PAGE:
SISSEK (Hungarian, Sziszek; Croatian, Sisak) , a
See also:town of Croatia-Slavonia, in the
See also:county of Agram; situated at the confluence of the Save and Kulpa, 3o in. by
See also:rail S.E. by S. of Agram . Pop . (1900) 7047 . Sissek has a considerable
See also:trade in
See also:grain and
See also:timber . Its only noteworthy
See also:building is an
See also:castle, constructed of
See also:brick . As the vestiges of its
See also:Roman walls tend to prove, Sissek was a large and flourishing city under Roman
See also:rule .
See also:Augustus made it a military station; Tiberius
See also:chose it as his headquarters against the Pannonian rebels; and from Septimius Severus, who made it the centre of a military
See also:government, it gained the name of Septimia Sissia . A
See also:Segesta, on the Save, is mentioned by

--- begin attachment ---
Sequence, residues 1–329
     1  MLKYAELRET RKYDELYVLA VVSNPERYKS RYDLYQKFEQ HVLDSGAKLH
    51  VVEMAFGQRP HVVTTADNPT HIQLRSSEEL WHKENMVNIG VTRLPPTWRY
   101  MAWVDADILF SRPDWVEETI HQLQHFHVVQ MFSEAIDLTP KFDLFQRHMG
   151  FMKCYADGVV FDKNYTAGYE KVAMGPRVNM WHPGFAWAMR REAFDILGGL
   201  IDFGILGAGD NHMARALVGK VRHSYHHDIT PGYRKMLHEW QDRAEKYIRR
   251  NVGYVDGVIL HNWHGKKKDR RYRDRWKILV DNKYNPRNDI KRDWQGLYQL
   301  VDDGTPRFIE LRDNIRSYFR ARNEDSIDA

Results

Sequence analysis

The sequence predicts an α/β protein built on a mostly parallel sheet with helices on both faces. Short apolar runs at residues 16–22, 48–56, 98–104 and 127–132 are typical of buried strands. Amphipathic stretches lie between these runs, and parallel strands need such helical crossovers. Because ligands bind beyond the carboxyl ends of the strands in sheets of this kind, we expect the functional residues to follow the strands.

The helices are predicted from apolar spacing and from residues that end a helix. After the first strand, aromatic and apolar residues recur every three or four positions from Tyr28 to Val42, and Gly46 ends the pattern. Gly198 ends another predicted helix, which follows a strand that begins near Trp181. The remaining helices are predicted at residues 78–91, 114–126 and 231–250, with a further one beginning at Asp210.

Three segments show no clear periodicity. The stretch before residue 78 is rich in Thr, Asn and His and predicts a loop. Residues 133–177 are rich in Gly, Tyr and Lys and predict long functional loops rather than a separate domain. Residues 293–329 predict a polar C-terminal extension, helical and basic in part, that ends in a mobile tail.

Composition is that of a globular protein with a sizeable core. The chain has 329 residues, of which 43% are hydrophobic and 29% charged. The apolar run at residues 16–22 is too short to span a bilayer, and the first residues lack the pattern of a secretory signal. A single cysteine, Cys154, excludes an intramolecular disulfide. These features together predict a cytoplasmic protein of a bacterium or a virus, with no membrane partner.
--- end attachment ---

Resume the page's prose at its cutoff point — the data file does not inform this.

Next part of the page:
See also:Appian, and
See also:Strabo distinguishes between this town and the neighbouring Siscia . It seems likely, as St Aymour suggests, that two towns, the native Segesta and the Roman fortress called by Strabo i) Dhriaa 4po6piov, ultimately
See also:united under the single name of Siscia . In the 3rd century, under
See also:Gallienus and Probus, the city contained the chief imperial mint and
See also:treasury; and an engraved coffer, found in Croatia, dating from the 4th century, and representing the five foremost cities of the
See also:Empire, includes Siscia along with Rome,
See also:Carthage and
See also:Nicomedia . Its bishopric was removed to Salona, in 441, when
See also:Attila appeared, and thenceforward the city declined . For a brief
See also:period, in the 7th and 8th centuries, the conquering Slays made it one of their Zupanates, or governments; but in the loth century it was sacked by the
See also:Magyars, and in 1092 its territories were bestowed upon the
See also:chapter of Agram by
See also:Ladislaus I.,
See also:king of Hungary .
Under the walls of its castle, built by this chapter in 1544, the
See also:Turks were thrice defeated in 1593 . At a
See also:fourth venture the city fell, only to be evacuated in 1594 . It witnessed a final
See also:Turkish defeat in 1641 . See C. de St Aymour,
See also:Les Pays sad-slaves de l'Autriche-Hongrie (1883), ch. ii .
JEAN CHARLES LEONARD DE SISMONDI (1773-1842)
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